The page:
— His pilot's license fresh in his hands, an Indiana teenager set out in
June for the adventure of a lifetime: an around-the-world flight with his
father designed to break a record and raise money to build schools in his
father's native Pakistan.
Just days before
the father and son were to return home to Indiana, the trip turned tragic
when their plane crashed in the Pacific Ocean shortly after leaving Pago
Pago in American Samoa on Tuesday night. The body of 17-year-old Haris
Suleman was recovered, but crews were still searching Wednesday for the
father, Babar Suleman.
The Sulemans left
the state on June 19 in hopes of setting the record for the fastest
circumnavigation around the world in a single-engine airplane with the
youngest pilot in command to do so.
For more than a
month, the trip was everything they'd hoped for, with visits to the
pyramids and rides on camels in Egypt, a family reunion in Pakistan and
much more. Even food poisoning and delays that meant they wouldn't
complete the trip in their intended 30 days couldn't dilute the teen's
enthusiasm as he saw Europe, Africa, Asia and the South Pacific.
"There is so much
beauty and culture in each country that I couldn't possibly witness all
that I want to," Haris Suleman told The Indianapolis Star in an email
sister, Hiba Suleman, said her father and brother had undergone training
to learn how to handle an ocean landing and wore protective immersion
suits when flying over water. She said it was unusual for them to take off
at night but didn't know whether that contributed to the crash.
"With a trip like
this, there's always a risk, and they did prepare for that risk. You can
plan all you want, but sometimes things just don't happen the way you
planned," she said at a news conference Wednesday in Plainfield, Indiana,
where the family lives.
The U.S. Federal
Aviation Administration has an inspector in American Samoa who will be
looking into this accident. National Transportation Safety Board spokesman
Terry Williams said the agency will work with local authorities on the
investigation, but he couldn't confirm if NTSB will send its own
investigator to the territory.
U.S. Coast Guard
spokeswoman Petty Officer Melissa McKenzie said witnesses reported seeing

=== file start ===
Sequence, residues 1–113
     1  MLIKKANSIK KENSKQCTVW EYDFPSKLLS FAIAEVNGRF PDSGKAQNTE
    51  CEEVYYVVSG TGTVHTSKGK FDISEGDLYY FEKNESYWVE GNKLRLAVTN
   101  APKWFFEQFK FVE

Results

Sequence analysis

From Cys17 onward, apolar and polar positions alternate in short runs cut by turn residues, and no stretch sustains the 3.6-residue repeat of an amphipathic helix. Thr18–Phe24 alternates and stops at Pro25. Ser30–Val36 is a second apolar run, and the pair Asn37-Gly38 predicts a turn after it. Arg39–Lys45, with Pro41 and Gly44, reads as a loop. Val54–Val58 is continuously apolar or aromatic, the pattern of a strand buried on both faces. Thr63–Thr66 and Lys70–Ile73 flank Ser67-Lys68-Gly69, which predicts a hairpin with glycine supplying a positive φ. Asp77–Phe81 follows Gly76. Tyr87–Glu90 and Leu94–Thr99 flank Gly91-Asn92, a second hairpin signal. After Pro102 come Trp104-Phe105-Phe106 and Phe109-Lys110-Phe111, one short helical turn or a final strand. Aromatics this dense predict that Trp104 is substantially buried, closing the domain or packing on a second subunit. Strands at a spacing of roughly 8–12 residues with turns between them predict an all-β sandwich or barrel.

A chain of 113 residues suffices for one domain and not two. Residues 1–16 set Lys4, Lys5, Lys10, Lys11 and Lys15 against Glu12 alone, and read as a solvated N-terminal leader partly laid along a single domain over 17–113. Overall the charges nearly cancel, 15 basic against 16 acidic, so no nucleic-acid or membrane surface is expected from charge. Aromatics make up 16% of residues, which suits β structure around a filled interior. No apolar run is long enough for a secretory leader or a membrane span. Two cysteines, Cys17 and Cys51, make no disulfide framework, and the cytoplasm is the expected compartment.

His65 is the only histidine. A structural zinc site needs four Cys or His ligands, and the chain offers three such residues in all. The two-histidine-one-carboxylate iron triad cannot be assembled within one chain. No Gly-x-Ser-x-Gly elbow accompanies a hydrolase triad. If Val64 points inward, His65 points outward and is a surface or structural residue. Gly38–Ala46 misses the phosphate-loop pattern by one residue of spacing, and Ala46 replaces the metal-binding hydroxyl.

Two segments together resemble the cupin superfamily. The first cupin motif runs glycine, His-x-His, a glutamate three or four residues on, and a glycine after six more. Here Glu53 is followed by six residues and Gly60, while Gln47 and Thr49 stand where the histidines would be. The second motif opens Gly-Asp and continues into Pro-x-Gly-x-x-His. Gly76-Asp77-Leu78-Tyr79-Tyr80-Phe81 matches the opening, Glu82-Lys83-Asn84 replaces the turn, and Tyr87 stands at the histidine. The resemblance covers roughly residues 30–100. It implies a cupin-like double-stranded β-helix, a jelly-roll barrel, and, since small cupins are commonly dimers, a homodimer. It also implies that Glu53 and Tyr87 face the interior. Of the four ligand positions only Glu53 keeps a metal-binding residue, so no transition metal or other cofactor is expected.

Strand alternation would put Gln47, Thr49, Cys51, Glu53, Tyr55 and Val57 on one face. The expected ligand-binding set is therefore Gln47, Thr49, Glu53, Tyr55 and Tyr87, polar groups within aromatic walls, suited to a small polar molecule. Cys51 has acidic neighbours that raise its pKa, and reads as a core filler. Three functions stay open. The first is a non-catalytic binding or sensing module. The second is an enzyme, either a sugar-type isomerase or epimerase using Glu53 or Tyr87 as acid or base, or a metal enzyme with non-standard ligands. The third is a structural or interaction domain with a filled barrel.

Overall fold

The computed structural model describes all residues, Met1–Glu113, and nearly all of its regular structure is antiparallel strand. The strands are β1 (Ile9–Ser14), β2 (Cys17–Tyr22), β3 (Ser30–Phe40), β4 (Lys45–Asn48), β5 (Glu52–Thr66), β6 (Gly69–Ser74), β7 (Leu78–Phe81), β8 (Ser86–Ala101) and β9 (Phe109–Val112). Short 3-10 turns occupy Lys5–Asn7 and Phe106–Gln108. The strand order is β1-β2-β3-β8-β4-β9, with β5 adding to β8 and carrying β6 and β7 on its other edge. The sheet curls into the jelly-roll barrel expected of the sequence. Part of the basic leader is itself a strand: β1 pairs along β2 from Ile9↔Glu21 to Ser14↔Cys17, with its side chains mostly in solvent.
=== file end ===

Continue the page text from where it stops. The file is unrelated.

the single-engine Hawker Beechcraft go down about a mile from shore
shortly after taking off from Pago Pago International Airport. The plane
was headed to Honolulu.
"It's a tragedy
of immense proportions," family friend Azhar Khan told reporters.
Haris, who had
just completed his junior year of high school, had been flying with his
father since age 8 and in June acquired his pilot's license and instrument
rating, which authorized him to fly an aircraft over oceans.
The trip was also
raising money for the Citizens Foundation, a nonprofit that builds schools
in Pakistan. The organization has built 1,000 schools for boys and girls
in Pakistan, and Khan said the father-son team had raised about $500,000,
nearly enough to build three more.
Hiba Suleman said
the cause was dear to her father, who left Pakistan in 1983. She said the
family had been involved with the foundation for the last seven years and
wanted to raise money to promote education and women's rights in her
She said the trip
had been a dream of her father's for years and that her brother was
excited to join in and pursue the record. He planned to be the pilot in
command except in an emergency.
acknowledged the risks.
"Why does any
explorer undertake the necessary risks in order to accomplish their
dream?" he wrote in a July 15 blog for the Huffington Post. "Because that
person has a drive, they have a focus, and they have a need to explore